Thursday, July 30, 2009

So Happy Together......

It was just announced that the Provinces of British Columbia and Alberta have come to an agreement to coordinate their medical supply purchases. Sort of a "Coastal Costco" for the provinces. To work around the provincialization of healthcare in Canada, they created a third-party entity to negotiate volume discounts for the two provinces.

When might the other provinces join in? And why not have the Federal government sponsor such a thing? The clear follow through is lower prices for everyone, but there would be another upside; consistency and continuity of the care experience.

If most supplies and physical resources are the same across the nation, then their management practices would be the same as well. A nurse who moves from Nova Scotia to Ontario would have a much shorter learning curve in getting acclimated a new facility. And a patient really would know what to expect--wherever they are. This would by itself reduce the costs of both "onboarding time" for staff and "patient orientation."

Would this be a good lead to follow for technology? Well, a little over two years ago, the BC Ministry of Health certainly thought so. The Ministry directed the regional health authorities to work together to figure out a unified EMR approach. Coastal (Central Vancouver) and VIHA (Vancouver Island) began working on a joint agreement to use PARIS, a software system already being used at Coastal. As part of this discussion, the issue of "bulk buying" was raised. In early analysis of existing contracts and the license extensions, huge potential savings were identified in the simple elimination of buying and customizing a new software installation. How much could be saved if The Nation were to buy the same software everywhere?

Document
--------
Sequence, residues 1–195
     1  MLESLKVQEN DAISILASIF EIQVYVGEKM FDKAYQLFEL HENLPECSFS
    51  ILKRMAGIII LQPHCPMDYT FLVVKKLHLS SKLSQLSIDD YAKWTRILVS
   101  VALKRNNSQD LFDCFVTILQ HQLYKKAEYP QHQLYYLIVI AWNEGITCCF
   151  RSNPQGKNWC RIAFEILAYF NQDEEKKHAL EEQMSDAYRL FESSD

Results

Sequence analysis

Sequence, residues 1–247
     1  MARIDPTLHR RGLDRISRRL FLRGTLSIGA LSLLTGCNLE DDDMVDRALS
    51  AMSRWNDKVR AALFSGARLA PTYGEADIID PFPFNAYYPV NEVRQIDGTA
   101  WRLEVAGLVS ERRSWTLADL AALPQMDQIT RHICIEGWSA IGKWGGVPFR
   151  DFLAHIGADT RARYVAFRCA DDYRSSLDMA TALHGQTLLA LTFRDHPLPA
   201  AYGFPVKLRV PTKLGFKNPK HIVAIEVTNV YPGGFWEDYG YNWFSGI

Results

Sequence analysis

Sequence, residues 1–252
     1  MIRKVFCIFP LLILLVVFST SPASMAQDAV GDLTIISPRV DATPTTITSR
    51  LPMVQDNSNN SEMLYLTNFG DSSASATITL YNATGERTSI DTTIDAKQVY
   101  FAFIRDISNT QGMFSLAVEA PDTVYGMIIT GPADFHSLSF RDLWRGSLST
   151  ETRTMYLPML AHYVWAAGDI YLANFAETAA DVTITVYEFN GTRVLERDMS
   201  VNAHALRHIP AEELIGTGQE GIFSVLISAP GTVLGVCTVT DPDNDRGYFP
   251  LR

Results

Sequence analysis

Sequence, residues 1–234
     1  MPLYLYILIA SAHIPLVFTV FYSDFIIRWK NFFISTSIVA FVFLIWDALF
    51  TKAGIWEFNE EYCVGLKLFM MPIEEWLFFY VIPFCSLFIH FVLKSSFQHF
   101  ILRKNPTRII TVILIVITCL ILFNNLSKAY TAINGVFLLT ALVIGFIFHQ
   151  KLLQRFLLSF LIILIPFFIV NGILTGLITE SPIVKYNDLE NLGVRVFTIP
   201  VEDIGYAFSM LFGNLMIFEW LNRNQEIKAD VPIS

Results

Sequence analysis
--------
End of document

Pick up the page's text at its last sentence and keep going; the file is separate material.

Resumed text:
A single system has been done successfully. The United States Department of Defense uses one system, AHLTA for all of the millions of people they serve. Was it easy to do? Not at all (DISCLAIMER: I worked on the AHLTA deployment a number of years ago, when it was still called CHSII). Delays came from the bottleneck created by using a single, new vendor and from doing what had never been done before. The first two deployment efforts were cut short by the refusal of the end-users to implement software that was still, really, only in Beta. Often, new things can only be learned by trying and failing. Once the software was sufficiently developed to work, user adoption was generally successful.

Now, patient records are available wherever the patient goes, not wherever the patient carries them. Prescriptions, drug allergies, provider notes--all are available and accurate. Patient misidentification is fast becoming a bad memory as electronic orders track to accurate patient identification. Are there savings? Certainly of lives, time, and yes, money. (I leave the question of whether healthcare should be about money to Bill Maher's blog.) A full audit of the savings cannot be done yet, but it is looking awfully good.

What is already known is the new mobility of both staff and patients. The orientation period is vastly reduced, and the very necessary and long-overdue ability of staff to "parachute in" to a new facility is greatly increased.

Single-system, bulk buying--call it what you will, but perhaps these examples from both sides of the border might lead CIHI and HITSP to work together towards one cross-border standard. It might enable competition in that larger market, leading to lower prices and ease of never knows, do one?